FOR THE Twenty-Third Sunday after Pentecost we continue reading from the Gospel According to Saint Luke. Within the text singularly offered by our author, we have a very relevant teaching about humility.
He (Jesus) also told this parable to some who trusted in themselves that they were righteous and despised others…
“Two men went up into the temple to pray, one a Pharisee and the other a tax collector. The Pharisee stood and prayed thus with himself, ‘God, I thank thee that I am not like other men, extortioners, unjust, adulterers, or even like this tax collector. I fast twice a week, I give tithes of all that I get.’
But the tax collector, standing far off, would not even lift up his eyes to heaven, but beat his breast, saying, ‘God, be merciful to me a sinner!’
I tell you, this man went down to his house justified rather than the other; for everyone who exalts himself will be humbled, but he who humbles himself will be exalted.” (Luke 18:9-14)
In the telling of this scene, Luke does not concretely identify the persons to whom our Lord Jesus is speaking. However, from the context found within the introductory sentence… we may guess that Luke notably related this to the whole audience of Christian congregations. The warning given to us clearly states that there is great danger for those who declare a higher status in righteousness than others. The story Jesus told used the comparative examples of a strict Pharisee… and a lowly, detested tax collector. Jesus stated that the attitude each held governs the person’s justification before God. Therefore we know that Jesus, through his servant Luke, is noted as favoring those who come before God with confession and humility.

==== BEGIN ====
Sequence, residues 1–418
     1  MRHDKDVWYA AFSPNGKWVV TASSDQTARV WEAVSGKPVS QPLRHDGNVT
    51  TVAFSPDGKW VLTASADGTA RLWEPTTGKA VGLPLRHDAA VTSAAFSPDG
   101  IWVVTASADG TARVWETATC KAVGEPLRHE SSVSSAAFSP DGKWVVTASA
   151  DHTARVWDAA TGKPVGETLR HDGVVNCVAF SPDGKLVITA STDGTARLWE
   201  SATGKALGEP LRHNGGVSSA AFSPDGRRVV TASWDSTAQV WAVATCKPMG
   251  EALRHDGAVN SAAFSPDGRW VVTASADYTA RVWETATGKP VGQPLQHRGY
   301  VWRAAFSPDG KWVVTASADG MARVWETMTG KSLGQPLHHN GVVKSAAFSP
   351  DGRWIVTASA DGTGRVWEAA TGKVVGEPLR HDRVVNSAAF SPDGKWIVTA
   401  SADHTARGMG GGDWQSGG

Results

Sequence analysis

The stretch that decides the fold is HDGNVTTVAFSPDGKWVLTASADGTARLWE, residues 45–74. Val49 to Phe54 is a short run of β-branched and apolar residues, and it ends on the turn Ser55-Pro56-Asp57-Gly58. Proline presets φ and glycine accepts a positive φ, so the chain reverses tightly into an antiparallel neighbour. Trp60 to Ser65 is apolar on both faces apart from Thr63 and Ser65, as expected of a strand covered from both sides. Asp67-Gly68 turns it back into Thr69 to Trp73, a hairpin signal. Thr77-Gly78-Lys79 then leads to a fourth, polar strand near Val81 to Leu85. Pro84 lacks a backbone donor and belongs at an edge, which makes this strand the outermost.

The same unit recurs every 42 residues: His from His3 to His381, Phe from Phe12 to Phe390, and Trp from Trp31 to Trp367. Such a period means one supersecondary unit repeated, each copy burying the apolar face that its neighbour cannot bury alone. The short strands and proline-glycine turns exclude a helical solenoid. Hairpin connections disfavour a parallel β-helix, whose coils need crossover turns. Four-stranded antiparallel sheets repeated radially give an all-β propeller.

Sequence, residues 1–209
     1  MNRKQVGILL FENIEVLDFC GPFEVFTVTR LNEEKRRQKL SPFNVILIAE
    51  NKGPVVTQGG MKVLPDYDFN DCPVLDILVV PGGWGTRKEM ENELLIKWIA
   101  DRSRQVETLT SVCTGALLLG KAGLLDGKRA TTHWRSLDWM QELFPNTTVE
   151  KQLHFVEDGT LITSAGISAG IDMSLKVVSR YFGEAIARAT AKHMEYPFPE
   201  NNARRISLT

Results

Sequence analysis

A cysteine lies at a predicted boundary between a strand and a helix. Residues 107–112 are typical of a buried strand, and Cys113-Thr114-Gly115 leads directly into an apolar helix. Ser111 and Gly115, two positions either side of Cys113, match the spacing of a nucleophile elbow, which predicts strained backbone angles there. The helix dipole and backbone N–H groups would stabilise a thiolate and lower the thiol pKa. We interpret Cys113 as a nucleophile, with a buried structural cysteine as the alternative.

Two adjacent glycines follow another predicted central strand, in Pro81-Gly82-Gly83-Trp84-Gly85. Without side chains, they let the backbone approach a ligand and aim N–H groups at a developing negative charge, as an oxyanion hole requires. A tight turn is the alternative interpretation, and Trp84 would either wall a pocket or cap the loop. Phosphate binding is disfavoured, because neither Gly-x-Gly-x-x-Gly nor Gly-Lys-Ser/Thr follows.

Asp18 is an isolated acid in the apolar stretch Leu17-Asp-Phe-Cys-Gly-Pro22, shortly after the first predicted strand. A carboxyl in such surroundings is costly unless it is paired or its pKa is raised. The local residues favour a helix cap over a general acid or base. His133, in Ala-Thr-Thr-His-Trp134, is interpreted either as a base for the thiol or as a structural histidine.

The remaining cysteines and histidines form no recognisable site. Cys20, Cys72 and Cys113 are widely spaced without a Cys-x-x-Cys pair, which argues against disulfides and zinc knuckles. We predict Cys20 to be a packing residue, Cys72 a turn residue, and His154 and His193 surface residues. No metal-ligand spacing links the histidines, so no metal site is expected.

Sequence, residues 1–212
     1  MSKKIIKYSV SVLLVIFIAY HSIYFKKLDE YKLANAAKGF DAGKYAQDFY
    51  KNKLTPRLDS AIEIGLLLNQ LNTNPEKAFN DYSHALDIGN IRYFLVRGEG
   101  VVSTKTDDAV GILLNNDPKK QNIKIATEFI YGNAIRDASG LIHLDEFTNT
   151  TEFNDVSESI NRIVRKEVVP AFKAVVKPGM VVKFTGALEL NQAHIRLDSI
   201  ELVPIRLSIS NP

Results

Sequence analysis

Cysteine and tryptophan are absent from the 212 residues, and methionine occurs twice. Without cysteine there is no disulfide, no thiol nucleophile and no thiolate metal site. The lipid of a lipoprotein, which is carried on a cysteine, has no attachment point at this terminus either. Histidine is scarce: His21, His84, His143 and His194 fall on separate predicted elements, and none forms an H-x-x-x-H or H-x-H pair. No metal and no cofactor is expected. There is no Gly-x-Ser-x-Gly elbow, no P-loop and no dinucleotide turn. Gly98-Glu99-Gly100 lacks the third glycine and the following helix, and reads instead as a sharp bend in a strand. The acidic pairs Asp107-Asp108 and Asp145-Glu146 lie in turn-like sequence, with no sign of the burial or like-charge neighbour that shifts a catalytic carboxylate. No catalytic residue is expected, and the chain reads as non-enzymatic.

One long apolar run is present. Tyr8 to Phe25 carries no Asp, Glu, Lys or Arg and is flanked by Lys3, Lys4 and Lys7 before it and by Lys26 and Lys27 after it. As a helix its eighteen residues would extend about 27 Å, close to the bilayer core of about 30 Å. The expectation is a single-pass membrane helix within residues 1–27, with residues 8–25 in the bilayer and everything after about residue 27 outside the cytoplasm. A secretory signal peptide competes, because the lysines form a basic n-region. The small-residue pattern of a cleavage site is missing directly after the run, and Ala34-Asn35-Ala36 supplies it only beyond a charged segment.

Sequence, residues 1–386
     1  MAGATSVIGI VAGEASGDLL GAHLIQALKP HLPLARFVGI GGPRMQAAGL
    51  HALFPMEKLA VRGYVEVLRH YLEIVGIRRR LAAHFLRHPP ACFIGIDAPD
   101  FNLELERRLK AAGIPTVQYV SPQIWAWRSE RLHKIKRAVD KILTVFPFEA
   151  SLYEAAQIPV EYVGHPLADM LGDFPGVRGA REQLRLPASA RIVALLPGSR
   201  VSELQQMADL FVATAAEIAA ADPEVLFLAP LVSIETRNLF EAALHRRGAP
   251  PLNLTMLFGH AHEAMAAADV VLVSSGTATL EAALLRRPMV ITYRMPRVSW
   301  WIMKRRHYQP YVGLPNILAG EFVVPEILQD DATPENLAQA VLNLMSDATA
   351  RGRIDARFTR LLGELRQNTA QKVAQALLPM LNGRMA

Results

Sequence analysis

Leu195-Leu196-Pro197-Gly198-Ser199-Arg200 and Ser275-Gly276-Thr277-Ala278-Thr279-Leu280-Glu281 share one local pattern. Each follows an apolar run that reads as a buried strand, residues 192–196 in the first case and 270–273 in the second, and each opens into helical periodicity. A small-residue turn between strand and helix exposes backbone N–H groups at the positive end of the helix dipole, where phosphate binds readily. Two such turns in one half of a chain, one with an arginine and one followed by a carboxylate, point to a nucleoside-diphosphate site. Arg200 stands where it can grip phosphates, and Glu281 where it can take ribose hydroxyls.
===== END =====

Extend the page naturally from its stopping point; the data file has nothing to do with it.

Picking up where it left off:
In historical context of the time, it seems that Luke offered this teaching during an era of church growth in the late first century. Indeed, this was a time when two main factions of the church maneuvered for priority. In considering this evidence then, a revelation may be found for us in that the two very human examples that Jesus gave… a Pharisee and a tax collector represent more than themselves. We might ask whether these two characters used in the story, which were held high during this stage of Jesus’ ministry, prophetically described the personalities of two differing church factions. These came into prominence decades after the Ascension of Our Lord.
When the event originally occurred, the separate groups were germinating within the ranks of the disciples… even during the time of Jesus’ ministry. The maneuvering of James and John for seats alongside Jesus when he would come into power is a prime example of this fledgling tilt. The inclinations remained and were the disciples were competitive even after his death and Resurrection.
Though empowered under the guidance of the Holy Spirit, the organization of the church quickly divided along theological, traditional and territorial lines. The first group we can notice was brought to the forefront under the influence of Peter and the apostles. However, by the time of Luke’s writing, all of the original twelve apostles were gone. They had dispersed as requested across the known world in apostolic fervor… and were either martyred or had died in elderly years.
The second group was centered around James and our Lord’s brothers. These wanted to keep Jerusalem and Judaic traditions as the focus of the Christian movement. Most of these leaders, were killed off or scattered afar by the Romans purge of the late ‘60s. Subsequently, their influence was felt in the dispersion of Christians to places in Asia Minor, Egypt and Syria.